For most Americans, Social Security is more than just a monthly check -- it's a financial lifeline that's necessary for seniors to cover their expenses.

Since 2002, national pollster Gallup has surveyed seniors annually to determine their reliance on Social Security income. According to the results, between 80% and 90% of retirees noted they lean on their Social Security check in some capacity to make ends meet.  This is why netting a hearty payout is so important to its more than 49 million current retirees, and the program's countless future beneficiaries.

A pair of glasses, a pen, and a calculator set atop a Social Security benefits application.

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These four core factors influence the size of your Social Security check

There is more than a half-dozen factors that ultimately determine how much Social Security income you'll receive and get to keep. For instance, your benefits can be taxed at the federal rate above certain income thresholds, as well as in 12 states.

But when boiled down to the basics, four core factors go into determining how much you'll receive each month from America's top retirement program.

Two of these components are intertwined: your work history and earnings history. When the Social Security Administration determines your monthly benefit, it takes into account your 35 highest-earning, inflation-adjusted years. Not only do you want to earn as much as possible when you work (for a variety of reasons), but every year less of 35 worked results in a $0 being averaged into your benefit calculation.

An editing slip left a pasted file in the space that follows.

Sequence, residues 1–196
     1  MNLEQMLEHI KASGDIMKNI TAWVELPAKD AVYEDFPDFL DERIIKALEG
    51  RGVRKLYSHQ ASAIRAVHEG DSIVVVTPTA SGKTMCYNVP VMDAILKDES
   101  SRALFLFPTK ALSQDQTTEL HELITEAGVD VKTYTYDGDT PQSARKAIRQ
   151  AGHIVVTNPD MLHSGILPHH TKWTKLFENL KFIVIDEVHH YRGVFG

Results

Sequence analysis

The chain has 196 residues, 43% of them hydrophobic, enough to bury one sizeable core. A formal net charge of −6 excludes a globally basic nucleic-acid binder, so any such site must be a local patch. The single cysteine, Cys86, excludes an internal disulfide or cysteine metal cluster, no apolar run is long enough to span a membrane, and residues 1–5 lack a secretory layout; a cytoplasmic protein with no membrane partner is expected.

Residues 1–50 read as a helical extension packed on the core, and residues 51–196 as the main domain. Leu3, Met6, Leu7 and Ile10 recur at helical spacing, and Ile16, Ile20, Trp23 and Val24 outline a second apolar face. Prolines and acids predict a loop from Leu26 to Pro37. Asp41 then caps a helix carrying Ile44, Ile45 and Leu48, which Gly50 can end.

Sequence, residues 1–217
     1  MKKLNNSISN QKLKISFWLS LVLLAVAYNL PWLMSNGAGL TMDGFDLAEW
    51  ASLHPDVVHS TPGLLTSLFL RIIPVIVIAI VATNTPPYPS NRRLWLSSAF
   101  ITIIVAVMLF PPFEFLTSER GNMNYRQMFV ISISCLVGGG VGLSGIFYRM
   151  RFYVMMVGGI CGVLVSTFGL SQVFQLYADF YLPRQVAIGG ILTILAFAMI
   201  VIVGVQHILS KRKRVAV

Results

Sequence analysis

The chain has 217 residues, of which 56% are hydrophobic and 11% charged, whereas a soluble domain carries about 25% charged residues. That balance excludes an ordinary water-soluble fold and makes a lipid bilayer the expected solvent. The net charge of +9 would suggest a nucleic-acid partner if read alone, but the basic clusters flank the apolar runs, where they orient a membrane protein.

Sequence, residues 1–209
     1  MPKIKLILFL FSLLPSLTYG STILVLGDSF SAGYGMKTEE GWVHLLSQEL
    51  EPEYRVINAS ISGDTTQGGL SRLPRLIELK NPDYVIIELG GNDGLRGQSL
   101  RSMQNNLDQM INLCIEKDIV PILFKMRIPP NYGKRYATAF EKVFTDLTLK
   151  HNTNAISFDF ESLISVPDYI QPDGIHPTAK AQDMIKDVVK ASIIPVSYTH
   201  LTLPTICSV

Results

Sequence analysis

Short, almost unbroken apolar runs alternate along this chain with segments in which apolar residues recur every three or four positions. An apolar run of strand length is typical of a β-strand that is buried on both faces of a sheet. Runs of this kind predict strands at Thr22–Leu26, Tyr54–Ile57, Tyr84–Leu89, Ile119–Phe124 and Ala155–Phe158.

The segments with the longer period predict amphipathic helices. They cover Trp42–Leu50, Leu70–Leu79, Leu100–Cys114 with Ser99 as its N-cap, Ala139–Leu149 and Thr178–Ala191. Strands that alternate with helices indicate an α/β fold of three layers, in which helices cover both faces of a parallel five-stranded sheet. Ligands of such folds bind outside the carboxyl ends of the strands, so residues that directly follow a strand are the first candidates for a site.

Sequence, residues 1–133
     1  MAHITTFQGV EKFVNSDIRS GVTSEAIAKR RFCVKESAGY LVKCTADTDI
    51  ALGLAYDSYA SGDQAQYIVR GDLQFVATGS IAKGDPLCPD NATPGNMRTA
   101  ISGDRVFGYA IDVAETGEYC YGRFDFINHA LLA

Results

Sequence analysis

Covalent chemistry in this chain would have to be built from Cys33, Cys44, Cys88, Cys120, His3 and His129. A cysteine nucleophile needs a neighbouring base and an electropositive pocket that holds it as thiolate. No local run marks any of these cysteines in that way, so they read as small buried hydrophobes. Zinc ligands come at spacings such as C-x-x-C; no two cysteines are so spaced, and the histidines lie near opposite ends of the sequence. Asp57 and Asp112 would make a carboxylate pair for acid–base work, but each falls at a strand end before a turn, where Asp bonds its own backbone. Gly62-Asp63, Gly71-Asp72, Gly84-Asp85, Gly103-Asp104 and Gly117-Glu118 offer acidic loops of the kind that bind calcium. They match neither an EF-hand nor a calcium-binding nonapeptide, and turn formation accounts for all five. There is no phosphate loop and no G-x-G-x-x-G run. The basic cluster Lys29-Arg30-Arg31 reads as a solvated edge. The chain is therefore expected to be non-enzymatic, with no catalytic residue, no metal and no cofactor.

The third factor imperative for calculating your Social Security retirement benefit is something that's completely beyond your control: your birth year. The year you're born determines your full retirement age -- i.e., the age where you become eligible to receive 100% of your retired worker benefit. Think of your full retirement age as a line in the sand. If you being taking benefits prior to reaching it, you won't receive your full payout. Wait until after you pass this line, and your benefit can grow beyond 100% of what you're due at full retirement age.

The fourth factor, and arguably the one that matters most for future retirees, is the age you decide to claim your benefit. Although retired worker benefits can begin at age 62, there's a wide variance in what you'll receive based on what age you choose to take your payout, as you can see in the table below.

Birth Year Age 62 Age 63 Age 64 Age 65 Age 66 Age 67 Age 68 Age 69 Age 70
1943-1954 75% 80% 86.7% 93.3% 100% 108% 116% 124% 132%
1955 74.2% 79.2% 85.6% 92.2% 98.9% 106.7% 114.7% 122.7% 130.7%
1956 73.3% 78.3% 84.4% 91.1% 97.8% 105.3% 113.3% 121.3% 129.3%
1957 72.5% 77.5% 83.3% 90% 96.7% 104% 112% 120% 128%
1958 71.7% 76.7% 82.2% 88.9% 95.6% 102.7% 110.7% 118.7% 126.7%
1959 70.8% 75.8% 81.1% 87.8% 94.4% 101.3% 109.3% 117.3% 125.3%
1960 or later 70% 75% 80% 86.7% 93.3% 100% 108% 116% 124%

Data source: Social Security Administration. Table by author.

This Social Security table is the key to making or breaking your retirement

While this Social Security table may look like nothing more than a bunch of jumbled numbers, it's a blueprint that can help future beneficiaries get the most out of America's most-successful retirement program.